President Donald Trump said Monday he's in no rush to respond to a coordinated attack that hit Saudi Arabia's oil industry over the weekend.Marketsread more
The price of oil could go sharply higher, depending on the duration of the disruption at Saudi oil facilities and whether there is a military response.Powering the Futureread more
Energy stocks, one of the worst-performing sectors this year, spiked Monday after an attack on Saudi Arabia's heart of oil production Saturday sent oil prices soaring.Marketsread more
The Saudi-led military coalition battling Yemen's Houthi movement said on Monday that the attack on Saudi oil plants was carried out by Iranian weapons and did not originate...Oilread more
After a series of setbacks on the road to an initial public offering, the parent company of real estate start-up WeWork is delaying the move, sources told CNBC Monday.Technologyread more
"The United States military, with our interagency team, is working with our partners to address this unprecedented attack and defend the international rules-based order that...Politicsread more
Crude oil's spike following attacks on Saudi Arabia's energy supply has experts weighing whether or not the gains will last.ETF Edgeread more
"In the old days, the averages would've plunged on this kind of oil shock. I know because I've lived through a bunch of them, starting in 1973," Jim Cramer says.Mad Money with Jim Cramerread more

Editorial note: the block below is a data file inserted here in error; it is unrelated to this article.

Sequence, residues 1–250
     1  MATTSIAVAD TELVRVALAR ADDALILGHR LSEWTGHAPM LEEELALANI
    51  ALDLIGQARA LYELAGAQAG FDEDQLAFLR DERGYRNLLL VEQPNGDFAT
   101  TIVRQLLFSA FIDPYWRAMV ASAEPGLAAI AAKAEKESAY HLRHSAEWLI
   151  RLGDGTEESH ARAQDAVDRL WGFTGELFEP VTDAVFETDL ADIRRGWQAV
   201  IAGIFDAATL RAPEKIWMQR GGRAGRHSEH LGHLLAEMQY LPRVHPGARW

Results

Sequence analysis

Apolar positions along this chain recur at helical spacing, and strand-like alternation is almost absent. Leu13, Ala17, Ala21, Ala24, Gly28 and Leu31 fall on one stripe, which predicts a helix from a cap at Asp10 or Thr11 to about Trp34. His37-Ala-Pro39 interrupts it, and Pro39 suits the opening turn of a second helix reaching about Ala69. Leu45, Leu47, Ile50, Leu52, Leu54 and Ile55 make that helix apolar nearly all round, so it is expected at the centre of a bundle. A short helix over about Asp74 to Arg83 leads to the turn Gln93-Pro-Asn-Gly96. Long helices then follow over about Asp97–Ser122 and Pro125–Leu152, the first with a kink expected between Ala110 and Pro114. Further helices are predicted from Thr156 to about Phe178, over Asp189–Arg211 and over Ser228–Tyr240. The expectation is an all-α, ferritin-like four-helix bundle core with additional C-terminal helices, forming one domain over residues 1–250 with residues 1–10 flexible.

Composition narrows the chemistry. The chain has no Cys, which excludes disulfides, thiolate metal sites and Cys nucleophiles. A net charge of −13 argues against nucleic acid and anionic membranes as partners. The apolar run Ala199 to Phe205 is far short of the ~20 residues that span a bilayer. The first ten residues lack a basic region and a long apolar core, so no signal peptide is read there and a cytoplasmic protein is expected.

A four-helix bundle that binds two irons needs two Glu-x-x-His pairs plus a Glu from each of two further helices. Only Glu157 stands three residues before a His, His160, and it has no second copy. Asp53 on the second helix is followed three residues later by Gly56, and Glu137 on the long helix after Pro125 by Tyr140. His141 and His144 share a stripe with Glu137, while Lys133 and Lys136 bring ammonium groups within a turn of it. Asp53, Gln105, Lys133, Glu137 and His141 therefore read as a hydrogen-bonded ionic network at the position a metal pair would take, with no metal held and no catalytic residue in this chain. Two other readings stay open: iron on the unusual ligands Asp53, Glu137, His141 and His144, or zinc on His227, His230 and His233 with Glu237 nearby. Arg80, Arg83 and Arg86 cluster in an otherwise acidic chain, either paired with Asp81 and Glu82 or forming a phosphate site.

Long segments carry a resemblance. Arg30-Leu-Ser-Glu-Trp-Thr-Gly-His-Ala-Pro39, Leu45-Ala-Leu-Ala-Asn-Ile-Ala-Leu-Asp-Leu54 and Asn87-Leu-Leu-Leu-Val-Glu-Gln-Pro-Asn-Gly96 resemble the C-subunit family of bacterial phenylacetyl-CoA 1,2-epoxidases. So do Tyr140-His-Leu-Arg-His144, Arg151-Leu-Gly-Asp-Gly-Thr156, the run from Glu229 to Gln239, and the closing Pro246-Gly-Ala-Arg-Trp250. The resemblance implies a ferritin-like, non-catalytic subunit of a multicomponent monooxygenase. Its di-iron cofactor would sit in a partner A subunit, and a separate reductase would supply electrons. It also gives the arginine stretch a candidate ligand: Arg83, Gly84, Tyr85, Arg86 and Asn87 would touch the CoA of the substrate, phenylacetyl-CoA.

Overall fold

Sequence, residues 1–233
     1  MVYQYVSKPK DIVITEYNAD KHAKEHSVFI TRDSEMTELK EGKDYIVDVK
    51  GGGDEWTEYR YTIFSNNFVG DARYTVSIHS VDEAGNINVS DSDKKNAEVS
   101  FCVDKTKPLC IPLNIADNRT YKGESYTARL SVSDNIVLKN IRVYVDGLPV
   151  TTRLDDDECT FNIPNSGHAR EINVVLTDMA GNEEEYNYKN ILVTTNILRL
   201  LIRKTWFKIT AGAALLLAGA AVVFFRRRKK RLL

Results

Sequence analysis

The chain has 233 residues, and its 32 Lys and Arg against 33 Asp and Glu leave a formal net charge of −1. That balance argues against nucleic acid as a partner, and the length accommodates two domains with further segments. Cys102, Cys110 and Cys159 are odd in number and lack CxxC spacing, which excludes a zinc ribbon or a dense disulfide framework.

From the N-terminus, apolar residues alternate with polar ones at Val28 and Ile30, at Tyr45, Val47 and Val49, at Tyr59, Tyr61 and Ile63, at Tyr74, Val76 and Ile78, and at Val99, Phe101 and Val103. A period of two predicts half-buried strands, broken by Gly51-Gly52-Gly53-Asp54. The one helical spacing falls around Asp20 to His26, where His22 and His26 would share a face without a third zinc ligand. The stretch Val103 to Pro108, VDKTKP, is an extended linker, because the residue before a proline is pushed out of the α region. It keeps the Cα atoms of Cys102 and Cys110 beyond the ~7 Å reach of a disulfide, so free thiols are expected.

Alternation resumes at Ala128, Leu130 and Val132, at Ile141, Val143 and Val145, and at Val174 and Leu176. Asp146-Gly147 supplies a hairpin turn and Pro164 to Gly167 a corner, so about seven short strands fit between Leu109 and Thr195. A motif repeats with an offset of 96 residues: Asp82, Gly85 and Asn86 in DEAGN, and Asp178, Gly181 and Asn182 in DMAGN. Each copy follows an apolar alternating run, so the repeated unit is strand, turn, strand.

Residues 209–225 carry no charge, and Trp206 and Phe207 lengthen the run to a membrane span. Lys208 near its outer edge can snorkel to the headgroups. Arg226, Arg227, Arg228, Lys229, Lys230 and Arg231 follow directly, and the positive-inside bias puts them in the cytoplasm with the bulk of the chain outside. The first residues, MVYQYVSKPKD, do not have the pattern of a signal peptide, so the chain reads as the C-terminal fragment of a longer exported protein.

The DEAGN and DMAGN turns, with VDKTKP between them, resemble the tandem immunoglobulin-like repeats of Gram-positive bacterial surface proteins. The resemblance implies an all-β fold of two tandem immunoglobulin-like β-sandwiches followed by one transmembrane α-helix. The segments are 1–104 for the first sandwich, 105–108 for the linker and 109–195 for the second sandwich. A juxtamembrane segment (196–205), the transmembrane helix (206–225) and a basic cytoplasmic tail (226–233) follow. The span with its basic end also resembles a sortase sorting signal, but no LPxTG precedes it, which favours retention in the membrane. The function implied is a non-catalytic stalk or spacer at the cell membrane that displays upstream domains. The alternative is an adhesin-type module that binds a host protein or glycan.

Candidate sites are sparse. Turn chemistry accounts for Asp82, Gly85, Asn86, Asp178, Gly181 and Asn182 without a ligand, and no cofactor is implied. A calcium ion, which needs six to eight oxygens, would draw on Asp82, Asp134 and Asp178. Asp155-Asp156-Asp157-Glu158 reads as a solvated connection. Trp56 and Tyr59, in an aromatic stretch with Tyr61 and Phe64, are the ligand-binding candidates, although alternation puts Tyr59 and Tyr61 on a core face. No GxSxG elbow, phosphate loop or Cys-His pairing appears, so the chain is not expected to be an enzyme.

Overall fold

Traders in the fed funds futures market on Monday were pricing in a 34% chance that the Fed will stay put on rates.The Fedread more
The meeting comes amid months of stalled trade talks between Washington and New Delhi, resulting in both sides taking retaliatory measures.Asia Politicsread more
Gas prices could rise by about 20 cents per gallon "starting tomorrow," oil analyst Andy Lipow says Monday.Oil and Gasread more
Music streaming services are too similar and need to have more original content, Apple Music executive Jimmy Iovine told the BBC.
"The streaming services are all charging $9.99 and everyone has the same music," he told the British broadcaster in an interview published Sunday.
"And it's really nice. You get whatever song you want, you get your playlists — but there's got to be more interaction between the artist and the audience ... Sooner or later, something's got to give," he added.
He indicated that Apple Music wanted more original content and cited Netflix as an example, which spent roughly $6 billion on its own shows and movies in 2017.
Iovine also told the BBC it was inevitable that Apple would phase out the iTunes download store, as streaming services surpass the older digital format. Apple has previously denied rumors that the download service was ending next year. "If I'm honest, it's when people stop buying," Iovine said. "It's very simple."
Read the full interview on the BBC's website here.